Friday, April 13, 2012

Ron Paul finally defeats the Fed in new video game

For Rep. Ron Paul (R-TX), 76, the 2012 Republican primaries are probably his last tango with presidential politics. But the aging libertarian will still achieve his life-long dream of crushing the nation’s Federal Reserve banking system… If a Houston-based video game developer is successful, that is.

Daniel Williams, 27, recently published a fundraising appeal for a forthcoming video game based on the candidate’s exploits. With the help of crowd-funding website Kickstarter, he hit the goal of $5,000 within a matter of days, based upon the commitments of just 40 backers as of this story’s publication.

Speaking to Raw Story on Wednesday, Williams said his main inspiration for the game was the 1992 8-bit classic “Krusty’s Fun House,” where Krusty the Clown from “The Simpsons” has to set traps for mice and capture them.

For the Ron Paul game, instead of mice it’s delegates. And he collects gold coins — lots and lots of gold coins — naturally. And who could forget the most epic political video game cover art of all time, featuring candidate Paul and his wife Carol in a “Star Wars”-like pose in front of a giant screeching eagle, the Statue of Liberty and exploding red fireworks?

The game also includes some elements from Sega’s 1991 hit “Sonic the Hedgehog,” along with the boss battles from Konami’s vampire-hunting title “Castlevania.” Williams said the encounters will play into each branch of the Federal Reserve bank, and that there would “definitely” be an “epic” encounter between Paul and Fed Chairman Ben Bernanke.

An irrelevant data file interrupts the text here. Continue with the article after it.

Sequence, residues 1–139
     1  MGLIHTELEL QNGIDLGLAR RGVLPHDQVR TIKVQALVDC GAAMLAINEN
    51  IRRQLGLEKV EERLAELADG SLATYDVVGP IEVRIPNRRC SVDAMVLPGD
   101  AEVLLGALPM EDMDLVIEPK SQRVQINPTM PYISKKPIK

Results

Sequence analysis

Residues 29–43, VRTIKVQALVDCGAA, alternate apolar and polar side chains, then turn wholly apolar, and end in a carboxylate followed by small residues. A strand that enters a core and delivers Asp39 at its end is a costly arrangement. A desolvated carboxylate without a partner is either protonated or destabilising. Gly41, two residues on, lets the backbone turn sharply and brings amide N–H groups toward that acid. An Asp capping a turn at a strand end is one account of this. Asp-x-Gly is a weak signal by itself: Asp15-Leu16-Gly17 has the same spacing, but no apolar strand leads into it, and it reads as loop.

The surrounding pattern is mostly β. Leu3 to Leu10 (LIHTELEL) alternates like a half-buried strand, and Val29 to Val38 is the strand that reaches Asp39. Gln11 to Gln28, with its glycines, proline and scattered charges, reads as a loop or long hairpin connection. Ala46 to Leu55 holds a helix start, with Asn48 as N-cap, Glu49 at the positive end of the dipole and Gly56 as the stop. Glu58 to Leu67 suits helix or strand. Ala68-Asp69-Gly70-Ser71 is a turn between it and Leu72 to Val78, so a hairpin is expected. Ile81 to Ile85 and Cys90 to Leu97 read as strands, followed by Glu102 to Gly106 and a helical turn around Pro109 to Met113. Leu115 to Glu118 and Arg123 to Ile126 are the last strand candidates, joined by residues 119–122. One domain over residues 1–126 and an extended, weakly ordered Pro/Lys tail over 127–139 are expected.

[Read More…]

Monday, April 9, 2012

Computer Legend and Gaming Pioneer Jack Tramiel Dies at Age 83

Jack Tramiel, founder of Commodore International and crucial figure in the early history of personal computing, passed away surrounded by his family on Sunday, his family confirms. He was 83 years old.

Tramiel was born in Poland to a Jewish family in 1928. During World War II, he and his family were sent to Auschwitz, after which he and his father were sent to a labor camp called Ahlem, near Hannover. Tramiel was rescued in April 1945 and emigrated to the United States in 1947.

In America, Tramiel started a typewriter repair business. Staying in the forefront of technology, his typewriters morphed into calculators, and later computers. In 1982, Commodore International launched the Commodore 64, which went on to the best-selling personal computer of all time.

[Read More…]

Admin area

Ad